A heavy hitter?

Clouds like this brute were common this summer, but there will be lots around in the autumn too. It goes without saying that you shorten down and kit up before it arrives. The question is, does it have your name on it or not? You…

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Slough it off

Anyone who regularly picks up a mooring under sail knows that when a yacht rounds up through 180 degrees with no drive on, the braking effect of her rudder drags off a surprising amount of way. It’s worth bearing this in mind if you find…

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Keep a flat foot

It’s important that a reef pennant heaves the new clew of the mainsail aft as well as pulling it down. If it doesn’t, the foot will have too much curvature and the reefed sail will be too powerful. A flat sail drives well without creating…

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Amidships for peace on Earth

People with tillers generally lash them amidships when they’re anchored or moored in a tideway. It stops the boat surging around and helps her drift clear of any optimists who have brought up closer than you’d have wished. Keeping the stick in the middle also…

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A spring in the wind

A brimming spring tide will hit the best part of four knots in the middle of the English Channel. Fourteen knots of true wind is a good sailing breeze for most of us if we’re beating. Ten will do. At eighteen knots in open water,…

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Flutter clutter

A fluttering leech makes a racket like a helicopter, it wears out a sail quicker than the wildest gale and it ditches air that could be helping the cause of progress. Most of us don’t flinch from giving the genoa leech line that firm tug…

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Dutch Treat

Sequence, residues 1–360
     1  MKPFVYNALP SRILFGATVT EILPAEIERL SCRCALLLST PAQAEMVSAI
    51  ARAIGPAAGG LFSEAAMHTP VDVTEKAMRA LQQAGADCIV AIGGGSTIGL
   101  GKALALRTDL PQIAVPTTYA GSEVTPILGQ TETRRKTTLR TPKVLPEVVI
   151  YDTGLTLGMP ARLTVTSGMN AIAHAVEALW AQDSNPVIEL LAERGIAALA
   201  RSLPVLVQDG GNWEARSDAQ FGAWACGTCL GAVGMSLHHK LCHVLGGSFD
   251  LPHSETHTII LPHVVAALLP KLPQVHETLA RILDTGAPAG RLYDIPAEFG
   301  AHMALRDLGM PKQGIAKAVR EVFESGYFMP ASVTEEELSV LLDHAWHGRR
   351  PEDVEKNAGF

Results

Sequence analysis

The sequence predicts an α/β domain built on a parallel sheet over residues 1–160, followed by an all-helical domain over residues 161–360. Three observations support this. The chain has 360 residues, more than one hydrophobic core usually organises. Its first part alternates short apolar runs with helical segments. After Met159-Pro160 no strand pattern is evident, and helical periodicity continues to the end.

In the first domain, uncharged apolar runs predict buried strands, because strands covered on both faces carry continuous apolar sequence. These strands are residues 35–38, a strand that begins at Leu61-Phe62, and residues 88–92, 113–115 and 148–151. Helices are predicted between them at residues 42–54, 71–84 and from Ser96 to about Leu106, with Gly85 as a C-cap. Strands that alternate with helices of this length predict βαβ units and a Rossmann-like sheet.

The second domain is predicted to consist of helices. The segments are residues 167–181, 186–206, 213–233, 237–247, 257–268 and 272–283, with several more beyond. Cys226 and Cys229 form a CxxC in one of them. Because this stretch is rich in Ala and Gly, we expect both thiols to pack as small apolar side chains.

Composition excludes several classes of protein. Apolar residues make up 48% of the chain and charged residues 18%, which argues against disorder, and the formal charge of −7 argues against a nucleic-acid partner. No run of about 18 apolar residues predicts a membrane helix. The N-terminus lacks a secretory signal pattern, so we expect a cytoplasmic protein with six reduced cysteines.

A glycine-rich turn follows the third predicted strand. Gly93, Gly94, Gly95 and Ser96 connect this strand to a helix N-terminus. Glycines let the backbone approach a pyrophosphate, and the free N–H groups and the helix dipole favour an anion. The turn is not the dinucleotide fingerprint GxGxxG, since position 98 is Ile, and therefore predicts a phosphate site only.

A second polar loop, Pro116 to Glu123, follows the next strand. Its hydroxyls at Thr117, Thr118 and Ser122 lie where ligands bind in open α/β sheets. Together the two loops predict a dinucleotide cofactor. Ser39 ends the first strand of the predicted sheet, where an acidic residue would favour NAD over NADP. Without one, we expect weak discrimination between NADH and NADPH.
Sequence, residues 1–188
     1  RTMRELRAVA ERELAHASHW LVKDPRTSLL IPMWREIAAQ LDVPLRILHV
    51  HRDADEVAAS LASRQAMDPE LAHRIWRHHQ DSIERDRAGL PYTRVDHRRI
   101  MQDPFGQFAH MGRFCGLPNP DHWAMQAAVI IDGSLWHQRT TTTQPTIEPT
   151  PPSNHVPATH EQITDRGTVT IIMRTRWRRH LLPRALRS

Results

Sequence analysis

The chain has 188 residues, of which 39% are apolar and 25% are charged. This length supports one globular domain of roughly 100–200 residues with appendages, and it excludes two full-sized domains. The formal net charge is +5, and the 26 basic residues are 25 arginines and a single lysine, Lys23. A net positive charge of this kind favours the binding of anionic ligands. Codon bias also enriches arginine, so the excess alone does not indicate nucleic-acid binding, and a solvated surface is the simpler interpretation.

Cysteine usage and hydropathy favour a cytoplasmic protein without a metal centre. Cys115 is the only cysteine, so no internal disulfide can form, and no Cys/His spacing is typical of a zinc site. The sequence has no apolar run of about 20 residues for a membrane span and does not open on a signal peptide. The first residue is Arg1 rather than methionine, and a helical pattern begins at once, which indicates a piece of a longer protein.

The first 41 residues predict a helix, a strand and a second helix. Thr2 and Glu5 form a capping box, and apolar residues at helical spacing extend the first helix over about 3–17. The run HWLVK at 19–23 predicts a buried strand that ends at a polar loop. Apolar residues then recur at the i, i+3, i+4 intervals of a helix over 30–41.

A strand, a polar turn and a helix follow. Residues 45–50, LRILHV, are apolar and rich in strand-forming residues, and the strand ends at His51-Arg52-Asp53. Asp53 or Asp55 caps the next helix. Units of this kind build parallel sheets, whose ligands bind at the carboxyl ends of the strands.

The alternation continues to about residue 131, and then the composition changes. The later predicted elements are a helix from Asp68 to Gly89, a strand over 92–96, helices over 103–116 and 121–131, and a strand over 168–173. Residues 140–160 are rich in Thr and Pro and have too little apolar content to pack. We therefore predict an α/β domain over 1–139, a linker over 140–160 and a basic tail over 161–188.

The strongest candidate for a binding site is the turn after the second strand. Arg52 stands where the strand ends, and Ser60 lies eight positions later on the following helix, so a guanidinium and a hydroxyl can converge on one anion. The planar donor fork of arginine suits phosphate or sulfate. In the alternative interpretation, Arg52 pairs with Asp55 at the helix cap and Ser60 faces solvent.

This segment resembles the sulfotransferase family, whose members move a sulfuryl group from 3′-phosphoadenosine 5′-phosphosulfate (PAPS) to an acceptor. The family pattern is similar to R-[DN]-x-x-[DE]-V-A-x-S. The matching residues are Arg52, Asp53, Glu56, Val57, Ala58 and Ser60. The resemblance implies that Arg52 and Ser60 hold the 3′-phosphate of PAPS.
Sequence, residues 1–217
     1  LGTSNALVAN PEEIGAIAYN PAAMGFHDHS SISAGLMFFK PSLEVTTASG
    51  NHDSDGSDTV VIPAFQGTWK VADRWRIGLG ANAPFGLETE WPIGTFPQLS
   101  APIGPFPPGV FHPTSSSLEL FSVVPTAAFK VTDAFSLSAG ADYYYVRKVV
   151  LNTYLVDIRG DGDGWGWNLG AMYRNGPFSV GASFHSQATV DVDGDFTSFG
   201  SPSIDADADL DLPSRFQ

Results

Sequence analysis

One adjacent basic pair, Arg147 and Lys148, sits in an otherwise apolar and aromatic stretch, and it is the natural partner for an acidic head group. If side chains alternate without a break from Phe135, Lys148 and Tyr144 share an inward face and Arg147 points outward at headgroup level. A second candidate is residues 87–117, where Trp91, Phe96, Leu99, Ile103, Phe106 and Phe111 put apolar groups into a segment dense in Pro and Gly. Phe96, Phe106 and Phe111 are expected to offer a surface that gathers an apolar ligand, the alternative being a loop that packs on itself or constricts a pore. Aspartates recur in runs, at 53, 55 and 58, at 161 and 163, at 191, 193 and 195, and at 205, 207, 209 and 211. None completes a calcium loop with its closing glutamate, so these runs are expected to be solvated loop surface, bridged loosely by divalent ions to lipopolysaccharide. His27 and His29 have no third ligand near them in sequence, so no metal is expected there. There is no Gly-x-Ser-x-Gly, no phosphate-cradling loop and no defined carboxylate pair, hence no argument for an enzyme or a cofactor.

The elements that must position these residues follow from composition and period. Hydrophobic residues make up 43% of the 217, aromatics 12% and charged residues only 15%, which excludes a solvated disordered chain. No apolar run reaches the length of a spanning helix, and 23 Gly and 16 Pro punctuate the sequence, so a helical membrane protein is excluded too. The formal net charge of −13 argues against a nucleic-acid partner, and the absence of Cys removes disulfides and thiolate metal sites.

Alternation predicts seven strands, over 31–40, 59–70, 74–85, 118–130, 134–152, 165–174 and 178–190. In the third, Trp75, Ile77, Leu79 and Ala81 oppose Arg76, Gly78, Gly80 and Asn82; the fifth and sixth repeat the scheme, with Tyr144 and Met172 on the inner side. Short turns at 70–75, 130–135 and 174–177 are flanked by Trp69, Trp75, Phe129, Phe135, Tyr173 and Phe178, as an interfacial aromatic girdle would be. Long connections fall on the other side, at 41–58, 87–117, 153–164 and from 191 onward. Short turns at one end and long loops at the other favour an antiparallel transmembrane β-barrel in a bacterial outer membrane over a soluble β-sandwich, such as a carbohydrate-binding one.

If you’ve cruised the Dutch inland waters or the Baltic Sea you’ll have noticed how well the boat sails when you come out again. Your bottom is clean as a butcher’s slab at opening time because any incipient growth from the ocean loses interest in…

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Wash-ho!

Wash is an ever-increasing pain in the cringles for sailors, especially on light-air days. When you fear it’s imminent, warn anyone on board who may not be in a position to see it coming. It could save a scald in the galley or a tumble…

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Waypoints for danger

We’re all used to placing waypoints in safe places, but sometimes the best technique for avoiding an unmarked isolated danger is to pop a waypoint right on top of it. It’s especially useful when you’re using a paper chart and you don’t actually mind which…

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Back up to the gale

If you try to come alongside a wall conventionally in a strong offshore gale, you’ll struggle to get anyone ashore. As you lose way the keel stalls and a modern yacht with a cut-away profile blows off to leeward in short order. One solution is…

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Use your loaf!

At sea on extended passages, nothing raises morale so much as the smell of baking bread. Some people just like doing it for fun and it’s great after a week or two of baguette bingeing. Here are five tips for making a loaf to lust…

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Paying the rates

If you haven’t studied for a Yachtmaster theory course for a while, you’ve probably forgotten about the ‘computation of rates’ table which sits quietly minding its own business in the front of an Admiralty Tidal Stream Atlas. You won’t find one in your almanac. The…

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Lead it right

A system like this makes moving the sheet car to the right place a breeze. For the full genoa, just move it fore or aft until any tell-tales at the top and bottom of the luff ‘lift’ at the same time when you’re a few…

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A path through the rocks